Santa Catarina Tuna Fillet $10.99
Portuguese Canned TunaThis tuna is fished using Line and Pole method in the Azorean sea, off the island of Sao Jorge in Portugal. Santa Catarina focuses on quality over quantity, which means that all fish are caught using sustainable methods and manually labored. Made without the use of any preservatives or emusifiers, simply tuna, olive oil and salt. Packaged in Portuguese newsprint wrapping, these exceptional canned tuna fillets also make great gifts!

Ferrer Romesco Sauce $4.99Ferrer Romesco Sauce
Romesco sauce is one of the most popular sauces in Catalan cuisine, made from a blend of tomatoes, olive oil, almonds, garlic, and spices. Its tangy-nutty flavors are a perfect match for anything roasted or grilled. Try it on smokey charred asparagus, artichokes, eggplant or squash. Also marries beautifully with grilled fish, and roasted potatoes!


Wines to Consider

2015 Pazo de Señorans Albariño Rias Baixas $19.99
Another winner from American importer, Eric Solomon! Pazo de Senorans is considered one of the handful of top estates in Rias-Baixas and has consistently produced some of the best Albarinos that money can buy. What separates Pazo de Senorans from the other Rias Baixas producers is the fact that their yields are relatively modest (25-30 hectoliters per hectare) by comparison, and the estate has some of the oldest vines in the region; all planted in slate and gravel. This crisp, elegant 2015 Albarino offers up notes of stone fruits such as, apricot and peach, with the heady aroma of honeysuckle–it’s the scent of Summer! It’s medium-bodied and shows beautiful purity, crisp acids and a zesty, very fresh, lively finish with a hint of minerality. Highly recommended as an aperitíf or paired with shellfish of any sort! Delicious!

2009 Monte dos Cabaços ‘Colheita Seleccionada’ Alentejo Red Wine $19.99Wines
I first tried this wine last year and was suitably impressed; it’s gone on to be a staff favorite. For my money, the Alentejo is probably the most exciting wine region in Portugal. Lured by less expensive land prices and the 300+ days of sunshine per year, many Portuguese and foreign winemakers have flocked to the region, investing it with a new vitality. The plethora of new wines–a lot garnering very favorable press—has made the Alentejo wine region a boon to knowledgeable and price-conscious wine consumers, and the Monte dos Cabaços delivers a lot of wine for a very reasonable price!

“The 2009 Tinto is an absolutely sensational Portuguese dry red wine aged in stainless steel, as well as in bottle prior to release. This outstanding effort is made from 45% Alicante Bouschet, 30% Touriga Nacional, 20% Aragonez and 5% Cabernet Sauvignon. Rich, ripe, blackcurrant fruit, notes of pen ink, an opaque purple color, beautiful density, beautiful fruit and silky tannin are all present in this naked, unoaked and rather hefty dry red wine. Drink it over the next 5-7 years.”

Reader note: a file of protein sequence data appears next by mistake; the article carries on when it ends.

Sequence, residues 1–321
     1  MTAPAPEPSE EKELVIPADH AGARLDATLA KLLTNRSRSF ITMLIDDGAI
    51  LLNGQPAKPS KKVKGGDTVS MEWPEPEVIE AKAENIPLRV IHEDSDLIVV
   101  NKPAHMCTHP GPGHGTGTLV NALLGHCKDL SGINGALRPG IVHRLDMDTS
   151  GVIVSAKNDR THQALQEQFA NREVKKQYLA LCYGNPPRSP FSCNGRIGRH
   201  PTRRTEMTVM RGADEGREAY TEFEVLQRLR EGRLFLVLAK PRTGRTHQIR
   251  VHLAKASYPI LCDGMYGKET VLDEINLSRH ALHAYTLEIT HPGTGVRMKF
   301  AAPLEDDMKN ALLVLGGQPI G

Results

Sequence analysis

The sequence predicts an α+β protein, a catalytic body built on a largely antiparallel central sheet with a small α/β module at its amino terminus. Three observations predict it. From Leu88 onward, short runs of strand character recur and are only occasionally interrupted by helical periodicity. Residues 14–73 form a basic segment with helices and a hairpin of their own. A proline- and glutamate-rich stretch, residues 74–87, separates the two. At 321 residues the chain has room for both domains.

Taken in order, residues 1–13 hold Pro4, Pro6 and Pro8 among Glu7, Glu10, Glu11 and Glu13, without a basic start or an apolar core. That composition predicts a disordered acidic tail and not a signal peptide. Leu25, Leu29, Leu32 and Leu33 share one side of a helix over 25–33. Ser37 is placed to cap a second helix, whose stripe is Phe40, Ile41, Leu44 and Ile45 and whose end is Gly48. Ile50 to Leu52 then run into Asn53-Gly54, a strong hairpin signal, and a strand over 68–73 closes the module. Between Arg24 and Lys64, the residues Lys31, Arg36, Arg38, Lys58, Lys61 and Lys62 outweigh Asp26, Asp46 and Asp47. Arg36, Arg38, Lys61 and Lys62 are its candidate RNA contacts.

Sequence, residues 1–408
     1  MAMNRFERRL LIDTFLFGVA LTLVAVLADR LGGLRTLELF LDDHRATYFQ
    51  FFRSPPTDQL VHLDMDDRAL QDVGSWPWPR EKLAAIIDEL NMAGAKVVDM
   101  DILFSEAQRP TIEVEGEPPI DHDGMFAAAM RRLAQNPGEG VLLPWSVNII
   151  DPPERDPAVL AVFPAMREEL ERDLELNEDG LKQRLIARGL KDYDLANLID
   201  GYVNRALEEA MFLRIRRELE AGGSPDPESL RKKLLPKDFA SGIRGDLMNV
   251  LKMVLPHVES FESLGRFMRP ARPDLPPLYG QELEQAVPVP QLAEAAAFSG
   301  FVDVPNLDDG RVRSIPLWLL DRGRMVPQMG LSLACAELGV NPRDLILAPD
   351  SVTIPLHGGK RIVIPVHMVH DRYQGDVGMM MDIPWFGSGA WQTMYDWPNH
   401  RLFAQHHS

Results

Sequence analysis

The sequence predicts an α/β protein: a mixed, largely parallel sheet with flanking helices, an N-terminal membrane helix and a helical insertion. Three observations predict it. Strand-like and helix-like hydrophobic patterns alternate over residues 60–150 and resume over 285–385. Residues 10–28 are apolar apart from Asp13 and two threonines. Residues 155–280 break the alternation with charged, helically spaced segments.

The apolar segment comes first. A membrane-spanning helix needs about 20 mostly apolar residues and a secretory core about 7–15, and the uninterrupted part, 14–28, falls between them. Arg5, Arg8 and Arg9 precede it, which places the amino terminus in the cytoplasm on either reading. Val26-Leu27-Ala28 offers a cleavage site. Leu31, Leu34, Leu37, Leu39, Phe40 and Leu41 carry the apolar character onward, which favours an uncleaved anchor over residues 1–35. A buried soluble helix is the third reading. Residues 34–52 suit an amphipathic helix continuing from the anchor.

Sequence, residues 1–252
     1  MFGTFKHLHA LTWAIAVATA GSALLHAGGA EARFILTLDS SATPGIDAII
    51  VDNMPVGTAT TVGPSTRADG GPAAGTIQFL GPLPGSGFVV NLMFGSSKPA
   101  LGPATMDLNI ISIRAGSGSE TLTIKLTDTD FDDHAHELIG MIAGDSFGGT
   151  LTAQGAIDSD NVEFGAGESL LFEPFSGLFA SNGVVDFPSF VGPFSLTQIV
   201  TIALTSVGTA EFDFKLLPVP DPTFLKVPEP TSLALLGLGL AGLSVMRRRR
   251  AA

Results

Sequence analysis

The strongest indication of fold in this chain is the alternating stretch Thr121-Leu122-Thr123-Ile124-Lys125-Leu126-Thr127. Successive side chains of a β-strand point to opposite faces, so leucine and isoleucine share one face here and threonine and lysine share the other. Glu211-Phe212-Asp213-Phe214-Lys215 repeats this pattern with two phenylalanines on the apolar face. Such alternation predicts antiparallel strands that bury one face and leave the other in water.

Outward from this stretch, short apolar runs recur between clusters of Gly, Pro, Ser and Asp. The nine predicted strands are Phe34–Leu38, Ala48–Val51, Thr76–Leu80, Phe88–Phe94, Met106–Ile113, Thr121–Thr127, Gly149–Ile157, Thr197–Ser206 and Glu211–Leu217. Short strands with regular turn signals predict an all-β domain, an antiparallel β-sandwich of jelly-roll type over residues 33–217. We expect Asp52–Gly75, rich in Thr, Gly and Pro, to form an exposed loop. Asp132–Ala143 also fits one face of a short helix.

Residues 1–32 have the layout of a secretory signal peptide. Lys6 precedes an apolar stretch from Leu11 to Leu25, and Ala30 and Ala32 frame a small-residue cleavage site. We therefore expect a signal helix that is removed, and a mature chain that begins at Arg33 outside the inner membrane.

90 points, Wine Advocate.

2013 Castell del Remei ‘Gotim Bru’ Costers del Segre $13.99
The 2013 Gotim Bru is a blend of 40% Garnacha, 30% Ull de Llebre (Tempranillo), 15% Cabernet Sauvignon, and 15% Syrah, aged for ten months in American and French oak barrels. The wine is perfumed and pleasant, with ripe aromas of plums, raisins and prunes, some floral overtones and notes of spicy oak. The palate reveals ripe fruit, in a powerful frame, with dusty tannins and moderate acidity. If you like full-bodied, dark-fruit, Catalan wines, this isfor you!

2013 Montecastro Ribera del Duero $19.99
I’m not familiar with this wine, other than it’s another Ribera del Duero from Eric Solomon–you may know his ‘Pruno’ wine from Finca Villacreces, which is,decidedly, a big, concentrated wine from the same appellation. Montecastro is a winery that was purchased in 2012 by the del Rio family, of Hacienda Monasterio fame. The vineyards are located on gentle slopes at an elevation between 2,000 and 2,600 feet above sea level. With the cooling effects of elevation, the vines are protected from the intense summer heat of this part of Spain. The soils are poor, high in limestone content and quite rocky. Since the arrival of Carlos del Rio the farming at Montecastro has been converted to organic. About 90% of the vineyards are planted with Tempranillo clones suited to the climate of Ribera del Duero, with the remaining 10% split between Cabernet Sauvignon and Merlot.

“The now called simply 2013 Montecastro feel like a completely different wine from a new regime. The wine is ripe and heady but the oak feels much better integrated, and the palate is smoother and with better balance and freshness. It’s mostly Tempranillo with some 5% Merlot matured in used French and American (10%) oak barrels for 13 to 18 months depending on the lot. 53,433 bottles produced.”
91 points, Wine Advocate.


Shrimp à la Provencale
Recipe from French Classics Made Easy by Richard Grausman $16.95

4 tablespoons extra-virgin olive oilShrimp with tomatoes
2 pounds tomatoes peeled, seeded, and diced
3 cloves garlic, finely chopped
1/4 teaspoon salt
1/8 teaspoon freshly ground pepper
6 sprigs parsely, chopped
1 1/2 pounds large shrimp, shelled and deveined

Make the sauce: in a skillet, heat 2 tablespoons of the oil over high heat until it is smoking. Add the tomatoes. (Be careful; the hot oil may spatter). Toss or stir quickly. Add the garlic and cook until most of the liquid has evaporated, 3 to 5 minutes. Season with the salt and pepper, remove from the heat and stir in three-fourths of the chopped parsley. Pour the sauce into a bowl and set aside.
In a skillet, heat the remaining 2 tablespoons of oil over medium-high heat. Add the shrimp and saute until they change color and begin to curl, 2-3 minutes.
Add the sauce to the cooked shrimp and bring to a boil. Transfer the shrimp and sauce to a hot serving platter and sprinkle with the remaining chopped parsley before serving.